How music therapy can reduce stress, ease pain

By Nancy Churnin/The Dallas Morning News

DALLAS – Judith Ritchie unlocked her office at the Sammons Cancer Center and carefully gathered the instruments that she determined would best serve her patients in the oncology unit.
An American Indian flute. A plucked psaltery or lap harp.
Ritchie, a certified music practitioner on the staff of Baylor University Medical Center at Dallas, fills doctors’ prescriptions to bring pain relief to patients with cancer. She studies their charts, searching their backgrounds and histories for clues to the sounds and rhythms that may relax them and, perhaps, reduce their need or dosage of pain-relieving medications.
Music, once dismissed by medical experts as a questionable alternative therapy, has evolved into a respected tool in integrative medicine programs in an increasing number of hospitals over the last decade.
Dr. Brent Bauer, professor of medicine and director of the Complementary and Integrative Medicine Program at Mayo Clinic in Rochester, Minn., says research is beginning to catch up with the value of music in promoting healing.
He credits the National Institutes of Health with changing attitudes in the professional community when it launched its Complementary Alternative Medicine program in 1998. The program evaluates massage, acupuncture, meditation, art and yoga in treating a variety of conditions.
At the same time, he cautions that these therapies are not meant to substitute for medical treatment but to improve their effectiveness. In addition, they must be applied in a highly individualized way, he says. What works for one patient might not work for another.
“They’re not going to cure cancer or directly impact heart disease, but these things can help reduce stress, which helps promote healing by reducing blood pressure and the heart rate,” he says.
In incurable cases, it can also simply ease pain, Ritchie says.
That’s how it was for her patient Eva Ward, who spoke in November about how she looked forward to the way melodies from Ritchie’s flute whispered like a soft wind through her hospital room.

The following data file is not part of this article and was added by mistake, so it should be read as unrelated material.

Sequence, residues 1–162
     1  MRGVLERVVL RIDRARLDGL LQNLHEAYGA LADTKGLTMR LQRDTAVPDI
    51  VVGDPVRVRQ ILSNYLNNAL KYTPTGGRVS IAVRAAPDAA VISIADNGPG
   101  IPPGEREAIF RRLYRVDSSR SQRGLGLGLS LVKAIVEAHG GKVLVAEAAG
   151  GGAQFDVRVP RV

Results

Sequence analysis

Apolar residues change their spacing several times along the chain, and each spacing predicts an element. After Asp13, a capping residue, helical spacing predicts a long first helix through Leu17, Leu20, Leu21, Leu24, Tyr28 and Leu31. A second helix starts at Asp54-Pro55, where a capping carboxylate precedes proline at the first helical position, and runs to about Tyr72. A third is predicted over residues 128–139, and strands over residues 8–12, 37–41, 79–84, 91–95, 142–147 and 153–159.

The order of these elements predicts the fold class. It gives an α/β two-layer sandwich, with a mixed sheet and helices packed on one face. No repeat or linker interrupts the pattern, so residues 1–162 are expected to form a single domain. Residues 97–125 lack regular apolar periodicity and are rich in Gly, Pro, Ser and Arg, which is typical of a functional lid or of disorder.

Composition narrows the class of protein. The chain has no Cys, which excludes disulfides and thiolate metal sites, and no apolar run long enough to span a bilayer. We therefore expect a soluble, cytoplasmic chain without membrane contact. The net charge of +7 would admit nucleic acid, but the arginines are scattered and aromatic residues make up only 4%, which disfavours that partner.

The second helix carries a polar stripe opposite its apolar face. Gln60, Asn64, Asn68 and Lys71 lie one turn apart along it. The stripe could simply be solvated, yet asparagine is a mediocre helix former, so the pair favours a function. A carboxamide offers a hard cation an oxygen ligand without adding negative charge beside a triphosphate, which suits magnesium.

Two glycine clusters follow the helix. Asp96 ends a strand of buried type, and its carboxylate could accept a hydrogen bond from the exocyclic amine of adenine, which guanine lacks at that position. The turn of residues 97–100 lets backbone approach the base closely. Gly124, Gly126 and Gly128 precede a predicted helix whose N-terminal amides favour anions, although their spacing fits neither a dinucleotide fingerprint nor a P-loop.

“It’s pretty peaceful,” Ward said at the time. “It reminds me of the mountains. And when she plays it, it elevates me above every problem I’ve gone through. It helps with everything.” Ward, who had acute myelogenous leukemia, died Feb. 3 at Baylor Carrollton at age 64.
treating the whole patient
Ritchie’s music intervention is one of the many ways music can be used to help patients. Music therapy, which requires a different license, is more interactive, with music used to accomplish a prescribed task, such as helping a patient to move muscles, articulate words or expand cognitive functions.
Dr. Jeff Kendall, a clinical psychologist and associate professor in psychiatry at the University of Texas Southwestern Medical Center, launched a music therapy program at that school’s Simmons Cancer Center in September, working with Southern Methodist University music therapy students.
“When you treat the whole patient and not just the cancer, the cancer outcomes are better,” Kendall says, citing a 2008 Institute of Medicine report called “Cancer Care for the Whole Patient” that he credits for fueling the demand for music therapy in cancer wards in particular.
Music therapy not only can help with a variety of goals, it can be tailored to different ages. Lisa Jones, a music therapist in the Child Life department at Children’s Medical Center Dallas, says she’s been impressed with research that supports her observations that music can help some babies do better in the intensive care unit. “We have had great results,” she says.
Dr. Oliver Sacks, the neurologist and author, has offered a passionate case for the healing power of music in his best-selling book “Musicophilia: Tales of Music and the Brain,” which was revised in 2008 (Vintage, $26). Last year, an episode of the CBS television show “The Doctors” was devoted to “How Music Affects Your Health.”
One of the program’s co-hosts, doctor of psychology Wendy Walsh, speculates that economics may drive an increased interest in music therapy. While it may seem an added expense, it can prove to be a money-saver if it reduces the need for pain medicine and invasive procedures, she says.
“Some countries with socialized medicine have to watch their bottom line. More and more they are turning to complementary treatments like music therapy to cut costs and improve health care.”

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